On your point about the right to determine when you “check out”.  I couldn’t agree more. My one fear is that I will die in some care home having the indignity of some stranger taking care of my most intimate needs. I would wish to have the choice to end it. Society needs to make this an option for those who meet certain criteria. 

On that last point; if I were to be unlucky enough to get an aggressive form of cancer,  I would dismiss two things; firstly, I would not return to the UK to put myself in the hands of the NHS, secondly, neither would I pay hundreds of thousands of Baht to no long term resolution.  I would rather my kids were left the money,  than pour it into a ultimately pointless chance of a few more months of life.  

Link to comment
Share on other sites

20 minutes ago, Pinetree said:

On that last point; if I were to be unlucky enough to get an aggressive form of cancer,  I would dismiss two things; firstly, I would not return to the UK to put myself in the hands of the NHS, secondly, neither would I pay hundreds of thousands of Baht to no long term resolution.  I would rather my kids were left the money,  than pour it into an ultimately pointless chance of a few more months of life.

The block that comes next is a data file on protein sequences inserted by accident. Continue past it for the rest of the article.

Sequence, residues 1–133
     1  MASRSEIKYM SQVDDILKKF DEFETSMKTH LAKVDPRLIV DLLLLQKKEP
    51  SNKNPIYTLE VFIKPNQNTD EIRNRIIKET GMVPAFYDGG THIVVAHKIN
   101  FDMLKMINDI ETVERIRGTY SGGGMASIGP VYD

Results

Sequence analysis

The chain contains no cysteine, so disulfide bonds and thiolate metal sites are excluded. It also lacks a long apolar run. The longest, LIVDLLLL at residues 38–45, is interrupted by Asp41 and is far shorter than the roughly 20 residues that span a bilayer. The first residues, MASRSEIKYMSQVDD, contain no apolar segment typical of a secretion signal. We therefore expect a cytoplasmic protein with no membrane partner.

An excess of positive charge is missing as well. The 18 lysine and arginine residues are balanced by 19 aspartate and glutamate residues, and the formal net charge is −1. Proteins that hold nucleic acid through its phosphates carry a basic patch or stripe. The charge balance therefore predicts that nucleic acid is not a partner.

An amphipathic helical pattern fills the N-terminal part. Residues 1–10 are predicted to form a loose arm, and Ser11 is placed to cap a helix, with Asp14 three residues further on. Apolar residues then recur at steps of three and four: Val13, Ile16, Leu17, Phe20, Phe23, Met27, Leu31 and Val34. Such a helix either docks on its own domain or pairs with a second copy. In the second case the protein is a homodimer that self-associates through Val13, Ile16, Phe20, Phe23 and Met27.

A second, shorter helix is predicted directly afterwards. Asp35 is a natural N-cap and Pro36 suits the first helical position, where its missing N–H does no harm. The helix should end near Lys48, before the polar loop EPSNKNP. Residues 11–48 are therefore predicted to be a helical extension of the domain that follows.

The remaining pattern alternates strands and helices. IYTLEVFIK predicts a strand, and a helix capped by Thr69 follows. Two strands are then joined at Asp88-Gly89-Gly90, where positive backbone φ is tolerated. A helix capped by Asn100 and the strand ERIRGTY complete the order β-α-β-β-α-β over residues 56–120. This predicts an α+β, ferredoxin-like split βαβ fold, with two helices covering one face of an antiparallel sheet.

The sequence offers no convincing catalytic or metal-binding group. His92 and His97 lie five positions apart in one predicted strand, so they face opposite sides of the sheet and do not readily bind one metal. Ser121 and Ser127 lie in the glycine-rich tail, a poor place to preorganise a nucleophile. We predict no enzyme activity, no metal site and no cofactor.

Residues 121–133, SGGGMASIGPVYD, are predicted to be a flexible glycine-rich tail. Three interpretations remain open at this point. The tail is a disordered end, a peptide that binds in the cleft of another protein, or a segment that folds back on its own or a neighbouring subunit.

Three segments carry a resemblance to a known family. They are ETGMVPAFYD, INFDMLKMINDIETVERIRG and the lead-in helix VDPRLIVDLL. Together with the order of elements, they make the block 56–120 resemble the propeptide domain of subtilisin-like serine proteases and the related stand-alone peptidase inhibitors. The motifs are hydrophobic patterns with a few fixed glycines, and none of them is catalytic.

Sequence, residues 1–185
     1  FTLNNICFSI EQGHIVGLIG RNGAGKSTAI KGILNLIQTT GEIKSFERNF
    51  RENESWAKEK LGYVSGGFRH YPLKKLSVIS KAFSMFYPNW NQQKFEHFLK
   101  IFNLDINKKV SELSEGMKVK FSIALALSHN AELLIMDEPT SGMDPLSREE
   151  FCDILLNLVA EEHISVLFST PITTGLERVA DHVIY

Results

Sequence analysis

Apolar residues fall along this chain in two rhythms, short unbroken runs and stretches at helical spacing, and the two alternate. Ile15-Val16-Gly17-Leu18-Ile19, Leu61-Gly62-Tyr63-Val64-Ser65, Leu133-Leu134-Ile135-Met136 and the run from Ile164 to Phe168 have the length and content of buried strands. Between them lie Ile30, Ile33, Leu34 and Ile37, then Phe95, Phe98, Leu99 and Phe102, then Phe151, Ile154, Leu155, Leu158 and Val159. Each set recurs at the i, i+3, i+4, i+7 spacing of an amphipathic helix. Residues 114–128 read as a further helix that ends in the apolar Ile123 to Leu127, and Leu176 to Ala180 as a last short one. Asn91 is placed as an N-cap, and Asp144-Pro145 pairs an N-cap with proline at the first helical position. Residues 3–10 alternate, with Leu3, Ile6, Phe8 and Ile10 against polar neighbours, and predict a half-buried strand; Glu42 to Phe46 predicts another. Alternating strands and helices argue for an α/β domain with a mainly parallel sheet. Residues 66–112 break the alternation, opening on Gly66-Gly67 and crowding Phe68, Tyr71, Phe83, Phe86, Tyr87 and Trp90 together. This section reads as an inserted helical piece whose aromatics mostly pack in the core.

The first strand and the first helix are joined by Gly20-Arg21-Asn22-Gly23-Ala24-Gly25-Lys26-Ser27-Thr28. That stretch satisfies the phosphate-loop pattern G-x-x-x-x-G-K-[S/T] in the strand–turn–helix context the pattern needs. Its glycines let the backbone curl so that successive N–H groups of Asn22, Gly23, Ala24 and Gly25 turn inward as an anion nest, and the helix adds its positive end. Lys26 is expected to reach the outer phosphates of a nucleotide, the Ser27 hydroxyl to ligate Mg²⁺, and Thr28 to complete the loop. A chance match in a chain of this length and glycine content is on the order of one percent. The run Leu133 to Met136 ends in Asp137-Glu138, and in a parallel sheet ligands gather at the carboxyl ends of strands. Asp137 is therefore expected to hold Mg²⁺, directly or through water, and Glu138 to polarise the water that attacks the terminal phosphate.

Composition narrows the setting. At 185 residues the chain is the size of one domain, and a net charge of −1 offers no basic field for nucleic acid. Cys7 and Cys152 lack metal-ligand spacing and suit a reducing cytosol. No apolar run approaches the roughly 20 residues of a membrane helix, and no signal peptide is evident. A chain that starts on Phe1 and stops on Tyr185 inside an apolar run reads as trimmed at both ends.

I tend to agree. I guess the only caveat being the type of cancer and the outlook or chances of survival. I certainly wouldn’t put myself through months of therapy in order to have another year of life. However, early detection and treatment of some cancers are survivable or at least result in a further 5 years of life. 
 

In terms of returning to the U.K. for me is a more straightforward choice. I’m not in a relationship in Thailand and have no plans to do so. I have kids who live in England and Holland along with a larger group of friends and family. I’m also unsure what palliative care you could get or reasonably afford in Thailand. I wouldn’t wish to die in agony in some cheap government hospital in Thailand. I’ve seen it happen to one guy and it wasn’t easy to see!
 

The other caveat is that I guess none of us know exactly how we would respond until it happens. 

  • Like 1
Link to comment
Share on other sites

Thailand is a haven for retirees to attempt to stretch a limited retirement, while finding younger women to spend the rest of their lives with.  The KEY to achieving any chance of happiness is to FIRST learn to manage your funds.  Because of ownership laws here, never, ever BUY homes involving land that you can’t own. If building a new home on their property, be sure a significant mortgage is involved so a repayment dependency remains in case a breakup should occur. Same with vehicles. Future payments insure that there is dependency. Strong relationships occur over time, and strengthens with children. A new house and/or a new car is a sure fire way to place yourself in a highly vulnerable position. Think with the Big head, instead of the small one.